The importance of “Tuning In” at work

by Oct 9, 2020

There’s no denying mental health has taken a hit during the COVID-19 pandemic, with feelings of stress, anxiety, and isolation dramatically increasing. Many workplaces have faced tumult over the last few months, with the transition to working from home, increased hours for essential workers, lack of security for casuals, and general uncertainty leading the charge. The average person will spend 90,000 hours at work over the course of their life, so supporting your wellbeing while in the workplace is key to leading a healthy and productive life.

Maintaining mental health is a year-round priority, but this Mental Health Month reminds us to “Tune In” with ourselves, our friends, family, and colleagues in whatever ways we can. So, how can Tuning In help you make meaningful connections, healthy choices, and informed decisions about your mental health at work?


Tune In to you

Being mindful and checking in with yourself is super important, not just so you can tell when things are bad, but when they’re good too! Even something as simple as a quick breathing exercise can reduce stress and its impacts.

Try Tuning In with your senses, taking notice of what you can hear, feel, and see around you. 

Tune In to your network

Approximately 20% of Australians will experience mental illness in their lifetimes, with many more suffering from the effects of burnout, stress, and sleep problems which can negatively impact their work performance. Tuning In with your colleagues at work can help ensure you are fostering a safe environment where co-workers feel comfortable coming to each other for support or to share experiences.

A great way to help build an environment like this is to take the tenets of R U OK? Day on board; if you notice someone at work seeming a little down, or perhaps not performing their tasks to their usual standards, why not start a conversation and ask how they’re feeling? They might be ready to confide in you and might not, but what matters is that you’re showing up and making sure your workplace is a welcoming and supportive one.

Tune In to your rights

Under Australian legislation, employees’ rights to a private, safe, and discrimination-free workplace are protected. So what are your rights when it comes to mental health at work?

  • You have the right to privacy at work. That means if you tell your employer about a mental health condition you have, they can’t disclose this to anyone else without your permission, and can only use that information for the reason you shared it with them (such as adjusting your workload). The right to privacy at work also means you are under no obligation to tell anyone about any mental health conditions if you don’t want to. The ball’s in your court!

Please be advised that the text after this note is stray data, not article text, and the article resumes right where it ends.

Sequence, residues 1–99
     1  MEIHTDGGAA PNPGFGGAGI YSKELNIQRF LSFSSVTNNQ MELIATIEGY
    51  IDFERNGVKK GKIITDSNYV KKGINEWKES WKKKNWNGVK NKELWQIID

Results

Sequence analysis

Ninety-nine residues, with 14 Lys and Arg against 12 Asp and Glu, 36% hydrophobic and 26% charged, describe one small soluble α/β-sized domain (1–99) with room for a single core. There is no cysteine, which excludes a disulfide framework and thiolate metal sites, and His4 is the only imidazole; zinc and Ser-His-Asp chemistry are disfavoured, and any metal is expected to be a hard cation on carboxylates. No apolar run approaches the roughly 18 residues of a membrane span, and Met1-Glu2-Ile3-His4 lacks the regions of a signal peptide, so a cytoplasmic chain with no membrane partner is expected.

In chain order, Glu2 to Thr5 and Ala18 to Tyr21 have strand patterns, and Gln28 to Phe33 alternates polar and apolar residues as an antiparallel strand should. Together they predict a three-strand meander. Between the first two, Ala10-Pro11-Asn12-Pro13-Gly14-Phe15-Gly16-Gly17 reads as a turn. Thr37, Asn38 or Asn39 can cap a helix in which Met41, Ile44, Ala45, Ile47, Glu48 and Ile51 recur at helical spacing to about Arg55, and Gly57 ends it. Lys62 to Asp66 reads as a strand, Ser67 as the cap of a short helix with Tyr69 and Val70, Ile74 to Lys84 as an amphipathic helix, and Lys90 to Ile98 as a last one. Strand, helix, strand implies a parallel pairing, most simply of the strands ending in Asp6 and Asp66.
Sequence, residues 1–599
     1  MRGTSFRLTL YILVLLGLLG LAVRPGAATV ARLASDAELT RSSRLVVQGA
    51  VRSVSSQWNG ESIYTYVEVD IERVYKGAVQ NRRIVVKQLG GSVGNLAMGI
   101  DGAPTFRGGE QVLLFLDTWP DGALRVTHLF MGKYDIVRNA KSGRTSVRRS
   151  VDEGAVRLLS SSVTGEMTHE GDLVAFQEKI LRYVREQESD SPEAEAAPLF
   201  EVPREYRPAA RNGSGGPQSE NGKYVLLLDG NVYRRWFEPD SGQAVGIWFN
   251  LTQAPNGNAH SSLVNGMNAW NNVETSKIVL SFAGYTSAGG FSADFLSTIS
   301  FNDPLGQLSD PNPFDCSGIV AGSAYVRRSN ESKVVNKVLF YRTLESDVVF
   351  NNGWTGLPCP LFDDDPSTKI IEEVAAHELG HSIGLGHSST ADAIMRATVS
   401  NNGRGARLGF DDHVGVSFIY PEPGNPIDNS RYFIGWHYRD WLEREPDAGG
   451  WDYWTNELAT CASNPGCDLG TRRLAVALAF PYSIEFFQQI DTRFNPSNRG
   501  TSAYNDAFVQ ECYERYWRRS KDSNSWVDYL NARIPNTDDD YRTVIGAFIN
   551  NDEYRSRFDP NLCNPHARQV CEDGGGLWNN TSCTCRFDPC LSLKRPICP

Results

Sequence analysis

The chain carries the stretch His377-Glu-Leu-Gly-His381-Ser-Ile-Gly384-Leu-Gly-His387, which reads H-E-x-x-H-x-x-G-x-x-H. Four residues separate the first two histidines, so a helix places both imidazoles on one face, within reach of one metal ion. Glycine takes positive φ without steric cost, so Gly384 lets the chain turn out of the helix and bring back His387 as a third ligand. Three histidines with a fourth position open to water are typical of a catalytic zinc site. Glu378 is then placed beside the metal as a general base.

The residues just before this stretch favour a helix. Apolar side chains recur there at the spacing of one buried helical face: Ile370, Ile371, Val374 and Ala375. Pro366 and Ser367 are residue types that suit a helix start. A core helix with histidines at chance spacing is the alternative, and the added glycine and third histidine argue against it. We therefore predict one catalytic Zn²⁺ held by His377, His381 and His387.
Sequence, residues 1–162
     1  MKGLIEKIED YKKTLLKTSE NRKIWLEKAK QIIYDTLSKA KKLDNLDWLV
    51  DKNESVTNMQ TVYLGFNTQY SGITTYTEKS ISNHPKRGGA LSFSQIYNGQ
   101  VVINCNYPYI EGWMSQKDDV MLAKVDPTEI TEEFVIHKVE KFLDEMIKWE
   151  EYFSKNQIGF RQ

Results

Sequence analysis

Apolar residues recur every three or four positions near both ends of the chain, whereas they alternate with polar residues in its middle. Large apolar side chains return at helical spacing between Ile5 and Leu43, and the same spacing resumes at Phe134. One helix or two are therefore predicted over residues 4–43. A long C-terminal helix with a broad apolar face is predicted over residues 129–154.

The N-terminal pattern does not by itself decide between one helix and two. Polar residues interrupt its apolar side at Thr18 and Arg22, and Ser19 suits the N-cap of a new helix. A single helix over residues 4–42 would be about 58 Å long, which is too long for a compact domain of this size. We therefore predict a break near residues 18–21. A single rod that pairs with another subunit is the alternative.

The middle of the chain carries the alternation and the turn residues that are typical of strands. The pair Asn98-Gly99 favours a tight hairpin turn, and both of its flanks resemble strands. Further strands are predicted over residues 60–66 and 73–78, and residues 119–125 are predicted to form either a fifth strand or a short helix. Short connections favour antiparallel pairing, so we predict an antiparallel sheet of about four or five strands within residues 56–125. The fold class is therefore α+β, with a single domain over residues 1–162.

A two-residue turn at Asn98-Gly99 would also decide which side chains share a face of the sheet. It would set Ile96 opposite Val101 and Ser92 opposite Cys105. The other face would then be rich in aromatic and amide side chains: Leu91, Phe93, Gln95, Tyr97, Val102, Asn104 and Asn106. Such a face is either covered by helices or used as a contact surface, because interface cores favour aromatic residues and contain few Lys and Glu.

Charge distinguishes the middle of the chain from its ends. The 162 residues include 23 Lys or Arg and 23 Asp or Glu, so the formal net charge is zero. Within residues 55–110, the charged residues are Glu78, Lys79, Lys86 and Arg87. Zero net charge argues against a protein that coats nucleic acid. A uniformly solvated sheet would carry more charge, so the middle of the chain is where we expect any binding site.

• You have the right to protection from discrimination at work. Whether direct or indirect, you cannot be unfairly treated at work due to a mental health condition. Whether it’s out and out harassment or something more insidious like being refused a promotion due to an existing mental health condition, discrimination on the basis of disability is completely unlawful.
  • You have the right to a healthy workplace, both physically and mentally. Employers have a responsibility to both ensure their workplace doesn’t negatively affect employees’ mental health, and promote safety and good mental health as much as possible.

Tune In to your toolkit

Asking for help or seeking out resources can be really tough if you’re not feeling mentally well, but it’s an important step to take on the road to feeling better. Here are just some resources you can access:

  • At UTS you can access confidential counselling services that will allow you to speak to a professional for free. They help out on a range of issues, from personal to study and work-related. UTS also offers specialised support groups that help support and advocate for students.
  • The Headspace app teaches you mindfulness and meditation in bite sized portions. It’s a simple way to incorporate a mindfulness practice into your work day, so just chuck your headphones on and settle in.
  • Happify features a range of activities and games that actually make Tuning In feel fun! If you’re feeling particularly stressed or worried, Happify could help you build resilience in a low pressure and enjoyable way.
  • And of course if you’re struggling at work and feel comfortable to do so, you can always reach out to your manager or HR for help.


Featured image courtesy of Unsplash

Lily Cameron

Lily Cameron

Communications Assistant

Lily Cameron is a writer and editor based in Sydney. She is a UTS Communications (Creative Writing) graduate, and current Communications Assistant at UTS Careers. She is passionate about telling stories, both hers and others’, and the way digital and social media is changing the literary landscape. Her writing has appeared in Voiceworks, The Brag, and elsewhere.